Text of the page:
I welcome Natasha Bounds from Intention at Home to the Love Life Practice team, and this is the first of what I hope will be regular contributions!

No, this is not a post about setting up time in your schedule or doing certain exercises for the next 30 days. It’s not that kind of challenge. This challenge is more cerebral. I am going to ask you to challenge the way you perceive mindfulness in everyday life.  I am going to ask you to think about how you can incorporate mindfulness in a way that doesn’t feel like something separate or extra.

We all live busy stressful lives and there is a lot going on the world right now that may be adding to your stress level. Mindfulness gives us an opportunity to slow down and enjoy life.  It doesn’t have to look like getting up everyday and meditating or sitting cross-legged in a field of wildflowers chanting. That would be easy. It isn’t that…obvious.

What it looks like is being present. It looks like slowing down to eat a meal, maybe even putting away your phone and turning off the television.  There was a time that we would sit down at a table and actually enjoy our food and talk to one another.

Weird, huh? I am not asking you to change your whole life around, just asking you to try to shake it up a little. Eating slowly helps your digestion and having actual conversations with people about how they are doing helps us get out of our heads.  I spend way too much time thinking about what I need to get done, what do we need in the house, how am I going to get ALL THE THINGS done?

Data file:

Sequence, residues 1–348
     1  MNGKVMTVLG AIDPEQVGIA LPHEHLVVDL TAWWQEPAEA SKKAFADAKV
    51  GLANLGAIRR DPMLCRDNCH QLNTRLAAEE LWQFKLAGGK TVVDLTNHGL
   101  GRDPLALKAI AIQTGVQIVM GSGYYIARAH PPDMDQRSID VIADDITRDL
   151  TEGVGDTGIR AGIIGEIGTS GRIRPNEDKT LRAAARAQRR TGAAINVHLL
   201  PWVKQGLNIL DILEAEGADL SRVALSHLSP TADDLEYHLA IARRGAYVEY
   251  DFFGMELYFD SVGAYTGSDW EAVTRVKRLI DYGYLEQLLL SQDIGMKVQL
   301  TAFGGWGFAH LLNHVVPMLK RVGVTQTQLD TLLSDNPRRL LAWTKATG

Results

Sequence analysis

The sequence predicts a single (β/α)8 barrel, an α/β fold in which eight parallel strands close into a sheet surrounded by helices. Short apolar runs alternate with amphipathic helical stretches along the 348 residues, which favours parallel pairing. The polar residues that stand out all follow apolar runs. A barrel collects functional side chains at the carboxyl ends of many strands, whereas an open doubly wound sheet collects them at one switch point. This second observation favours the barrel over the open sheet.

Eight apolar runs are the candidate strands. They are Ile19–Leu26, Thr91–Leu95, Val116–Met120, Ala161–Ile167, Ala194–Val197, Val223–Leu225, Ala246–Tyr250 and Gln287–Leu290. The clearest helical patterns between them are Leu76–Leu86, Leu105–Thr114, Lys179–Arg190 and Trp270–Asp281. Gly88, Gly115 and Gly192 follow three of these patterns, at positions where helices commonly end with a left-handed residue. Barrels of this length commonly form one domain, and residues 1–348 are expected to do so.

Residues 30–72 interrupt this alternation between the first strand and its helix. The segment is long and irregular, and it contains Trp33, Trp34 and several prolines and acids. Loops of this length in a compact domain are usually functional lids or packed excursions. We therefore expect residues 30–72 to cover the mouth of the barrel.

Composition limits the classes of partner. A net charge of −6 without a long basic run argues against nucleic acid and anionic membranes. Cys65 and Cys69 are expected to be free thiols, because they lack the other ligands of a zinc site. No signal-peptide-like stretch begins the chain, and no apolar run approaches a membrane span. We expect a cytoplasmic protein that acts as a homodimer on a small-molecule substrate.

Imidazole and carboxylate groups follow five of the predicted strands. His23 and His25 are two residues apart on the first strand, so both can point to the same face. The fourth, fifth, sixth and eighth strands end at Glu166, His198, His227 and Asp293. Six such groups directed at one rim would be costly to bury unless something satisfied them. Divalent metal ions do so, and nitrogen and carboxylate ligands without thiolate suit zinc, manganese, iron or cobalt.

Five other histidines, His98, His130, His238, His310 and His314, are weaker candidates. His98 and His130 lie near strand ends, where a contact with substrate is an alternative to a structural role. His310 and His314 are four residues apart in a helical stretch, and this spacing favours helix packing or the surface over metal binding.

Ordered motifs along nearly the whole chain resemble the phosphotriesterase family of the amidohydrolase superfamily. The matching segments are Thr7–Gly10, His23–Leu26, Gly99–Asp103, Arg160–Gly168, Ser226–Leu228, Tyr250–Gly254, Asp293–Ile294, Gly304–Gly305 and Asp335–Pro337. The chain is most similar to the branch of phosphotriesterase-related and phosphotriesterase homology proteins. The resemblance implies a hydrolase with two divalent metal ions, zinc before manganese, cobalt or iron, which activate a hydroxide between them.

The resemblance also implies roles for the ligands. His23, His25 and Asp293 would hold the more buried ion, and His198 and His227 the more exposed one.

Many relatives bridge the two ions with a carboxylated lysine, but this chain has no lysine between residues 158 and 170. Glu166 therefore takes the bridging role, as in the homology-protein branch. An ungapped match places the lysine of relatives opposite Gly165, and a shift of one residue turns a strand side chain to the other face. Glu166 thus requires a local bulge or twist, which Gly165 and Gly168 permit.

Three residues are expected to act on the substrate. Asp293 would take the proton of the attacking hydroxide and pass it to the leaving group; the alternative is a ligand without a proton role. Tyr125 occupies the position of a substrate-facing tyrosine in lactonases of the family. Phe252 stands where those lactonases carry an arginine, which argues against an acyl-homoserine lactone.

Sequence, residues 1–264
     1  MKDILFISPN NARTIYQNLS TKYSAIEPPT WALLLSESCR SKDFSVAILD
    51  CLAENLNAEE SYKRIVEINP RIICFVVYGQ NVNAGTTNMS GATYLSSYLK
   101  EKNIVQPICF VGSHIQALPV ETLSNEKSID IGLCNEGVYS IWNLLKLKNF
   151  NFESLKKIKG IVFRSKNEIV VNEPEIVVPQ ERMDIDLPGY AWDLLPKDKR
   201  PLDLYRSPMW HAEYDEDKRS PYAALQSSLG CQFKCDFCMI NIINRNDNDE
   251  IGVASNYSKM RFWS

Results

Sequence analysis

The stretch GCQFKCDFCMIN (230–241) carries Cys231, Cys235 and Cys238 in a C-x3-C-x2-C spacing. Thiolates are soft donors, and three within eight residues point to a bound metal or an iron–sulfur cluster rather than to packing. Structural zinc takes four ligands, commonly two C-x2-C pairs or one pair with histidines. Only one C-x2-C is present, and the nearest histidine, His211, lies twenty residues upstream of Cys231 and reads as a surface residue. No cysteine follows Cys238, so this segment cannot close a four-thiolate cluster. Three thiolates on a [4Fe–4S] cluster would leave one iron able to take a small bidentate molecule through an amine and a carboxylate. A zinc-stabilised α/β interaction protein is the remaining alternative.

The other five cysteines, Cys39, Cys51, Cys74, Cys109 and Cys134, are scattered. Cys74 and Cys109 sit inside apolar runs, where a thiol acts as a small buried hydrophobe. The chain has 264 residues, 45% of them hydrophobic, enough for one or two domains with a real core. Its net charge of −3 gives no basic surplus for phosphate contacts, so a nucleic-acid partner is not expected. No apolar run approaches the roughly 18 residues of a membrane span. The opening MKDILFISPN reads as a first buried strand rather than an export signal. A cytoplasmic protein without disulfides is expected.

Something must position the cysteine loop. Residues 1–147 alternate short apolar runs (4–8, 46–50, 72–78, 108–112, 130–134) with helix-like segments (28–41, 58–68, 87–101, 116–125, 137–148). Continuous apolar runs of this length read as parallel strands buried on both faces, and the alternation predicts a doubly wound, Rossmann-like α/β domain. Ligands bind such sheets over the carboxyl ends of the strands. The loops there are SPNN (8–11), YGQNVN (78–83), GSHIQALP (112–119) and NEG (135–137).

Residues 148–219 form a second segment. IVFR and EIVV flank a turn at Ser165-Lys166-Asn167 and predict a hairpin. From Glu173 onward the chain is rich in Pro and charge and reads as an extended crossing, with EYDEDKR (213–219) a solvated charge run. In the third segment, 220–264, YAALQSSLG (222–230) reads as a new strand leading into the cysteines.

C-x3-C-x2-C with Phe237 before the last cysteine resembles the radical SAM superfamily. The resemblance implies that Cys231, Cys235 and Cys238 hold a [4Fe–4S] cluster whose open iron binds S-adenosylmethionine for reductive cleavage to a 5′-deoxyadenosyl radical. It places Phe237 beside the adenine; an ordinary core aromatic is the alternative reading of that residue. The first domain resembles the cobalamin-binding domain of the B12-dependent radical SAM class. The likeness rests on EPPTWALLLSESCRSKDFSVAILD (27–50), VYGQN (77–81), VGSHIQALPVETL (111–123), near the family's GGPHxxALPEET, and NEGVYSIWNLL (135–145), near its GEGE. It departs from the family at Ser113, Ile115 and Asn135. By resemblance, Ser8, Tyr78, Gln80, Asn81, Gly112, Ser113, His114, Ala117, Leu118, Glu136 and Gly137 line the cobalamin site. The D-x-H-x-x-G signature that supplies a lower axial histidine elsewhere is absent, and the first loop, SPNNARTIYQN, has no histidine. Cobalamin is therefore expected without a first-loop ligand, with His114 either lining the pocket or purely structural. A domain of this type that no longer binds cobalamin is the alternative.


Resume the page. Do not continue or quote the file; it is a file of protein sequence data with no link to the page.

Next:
The problem I find when I am up in my head that way is that it becomes very difficult to sit down and actually do any of cleaning, work, or relaxing I have been obsessing about!

So, how can you become mindful about these things?

  1. Stop. Yes, stop.  I want you to take a breath. It really can be as simple as just stopping what you’re doing and slowing down your breathing. When we start trying looking at everything we have to do we can become stressed or panicky.  This, for a lot of us, means shallow quick breathing which does nothing to help the feeling. There is most likely nothing so urgent that you can’t just stop and slow your breathing down.
  2. Focus. What needs to be done first? Do it and then move on to the next task.  I know we all think we do this a lot more than we actually do it. It’s next to impossible to complete multiple tasks simultaneously and have them done well. Figure out the steps and then do each one in order not worrying about the next one until the current one is done. This is being present.
  3. Gratitude. Have an end time and congratulate yourself for the things that you WERE able to accomplish. It does us no good to sit and think about everything we didn’t get done. We can’t create more time and things did get done.  All you can do is step away from it, congratulate yourself what you have accomplished and move on to the next part of your day.  Doing these things then gives you the opportunity to sit and enjoy them.

See there ? Little steps and you didn’t even have to pull out your meditation cushion or burn any incense.  

You should try and let me know how it goes.  I want to hear about what works for you.

You can read more of Natasha’s thoughts and suggestions at . Image is used courtesy of Nickolai Kashirin.

Leave a Reply

Your email address will not be published. Required fields are marked *